11.9 Section 44 of the 2009 Act places duties on public bodies relating to climate change. The duties require that a public body must, in exercising its functions, act:
- in the way best calculated to contribute to the delivery of the Act's emission reduction targets
- in the way best calculated to deliver any statutory adaptation programme
- in a way that it considers most sustainable
11.10 This echoes the declarations made by all 32 local authorities who signed Scotland's Climate Change Declaration: http://www.keepscotlandbeautiful.org/sustainability-climate-change/sustainable-scotland-network/climate-change/scotlands-climate-change-declaration/ in 2007, committing to working with communities to mitigate and respond to climate change.
11.11 The Public Bodies Climate Change Duties Guidance: http://www.scotland.gov.uk/Resource/Doc/340746/0113071.pdf recognises the importance of housing in achieving climate change targets. A key message of the guidance is that public bodies should address climate change in their main business planning activities. The LHS has an important role in linking action on climate change with mainstream housing and fuel poverty policies, and in defining the overall outcomes sought in the sector.
11.12 In 2012, greenhouse gas emissions from housing accounted for 13.7% (not including electricity) of Scotland's total emissions. If electricity is included it is closer to 25%. A household's greenhouse gas emissions are influenced by a number of factors:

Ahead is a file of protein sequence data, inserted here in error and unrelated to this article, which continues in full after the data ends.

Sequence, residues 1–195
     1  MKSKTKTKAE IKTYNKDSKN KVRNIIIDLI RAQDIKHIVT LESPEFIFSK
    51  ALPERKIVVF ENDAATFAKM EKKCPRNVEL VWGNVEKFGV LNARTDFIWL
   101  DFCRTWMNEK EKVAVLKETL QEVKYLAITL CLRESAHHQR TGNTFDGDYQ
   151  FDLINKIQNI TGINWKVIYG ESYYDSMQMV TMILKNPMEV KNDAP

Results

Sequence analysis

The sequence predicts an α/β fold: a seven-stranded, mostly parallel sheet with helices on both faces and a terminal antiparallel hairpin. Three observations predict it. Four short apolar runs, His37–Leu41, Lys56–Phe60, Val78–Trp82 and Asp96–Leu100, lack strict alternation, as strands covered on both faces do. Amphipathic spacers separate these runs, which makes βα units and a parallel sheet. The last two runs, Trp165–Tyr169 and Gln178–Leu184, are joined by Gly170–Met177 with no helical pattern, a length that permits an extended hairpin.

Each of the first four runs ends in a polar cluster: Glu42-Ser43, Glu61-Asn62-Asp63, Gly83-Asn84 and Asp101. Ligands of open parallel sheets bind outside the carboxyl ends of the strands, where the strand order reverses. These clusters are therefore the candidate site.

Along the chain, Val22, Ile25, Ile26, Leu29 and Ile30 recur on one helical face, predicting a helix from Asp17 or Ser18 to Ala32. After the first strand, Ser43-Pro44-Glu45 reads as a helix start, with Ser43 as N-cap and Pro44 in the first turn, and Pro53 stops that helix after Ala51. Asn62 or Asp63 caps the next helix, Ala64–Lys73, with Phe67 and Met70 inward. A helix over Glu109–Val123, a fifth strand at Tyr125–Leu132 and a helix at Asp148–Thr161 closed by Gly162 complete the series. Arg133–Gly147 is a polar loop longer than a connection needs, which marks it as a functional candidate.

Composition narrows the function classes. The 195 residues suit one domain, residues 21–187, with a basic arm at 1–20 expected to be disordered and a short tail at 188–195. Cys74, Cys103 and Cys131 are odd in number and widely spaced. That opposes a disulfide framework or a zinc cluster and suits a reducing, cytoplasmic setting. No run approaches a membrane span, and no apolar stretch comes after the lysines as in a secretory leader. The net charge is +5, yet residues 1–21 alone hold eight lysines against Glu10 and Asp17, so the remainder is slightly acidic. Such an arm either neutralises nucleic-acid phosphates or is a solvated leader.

- property condition - houses in a state of disrepair use more energy to heat and are harder to keep warm
- energy efficiency rating - houses with a poor energy efficiency rating ( EPC G and F) use more energy to heat than the most efficient properties ( EPC A and B). A property's energy efficiency is affected by the presence (or absence) of measures such as loft and cavity wall insulation.
- property heating - the type of fuel used to heat a property can affect its greenhouse gas emissions e.g. oil heated homes have higher emissions than those heated by gas, whilst low-carbon or renewable heat sources, for example heat pumps, biomass, solar thermal, connection to low carbon or renewable district heating, etc. offer even lower carbon emissions. The age and efficiency of heating devices, e.g. gas boilers, also affects the level of emissions.
- occupant behaviours - the way people operate their homes can affect carbon emissions, e.g. not using the heating thermostat and programmer efficiently, leaving lights on unnecessarily, etc.
11.13 Scotland's Sustainable Housing Strategy sets out the Scottish Government's vision for warm, high quality, affordable, low carbon homes: http://www.scotland.gov.uk/Publications/2013/06/6324
It draws together what is being done to incentivise people to install energy efficiency measures; examines the role of standards in the private and social housing sectors; and considers the potential for transformation of the market for sustainable housing. The draft Heat Generation Policy Statement: http://www.scotland.gov.uk/Resource/0044/00445639.pdf sets out the approach to deliver an affordable and effective heating and cooling framework for Scotland through to 2050. This includes targets for district heating including a proposed target of 40,000 homes to be supplied with affordable low carbon heat through district heating and communal heating by 2020.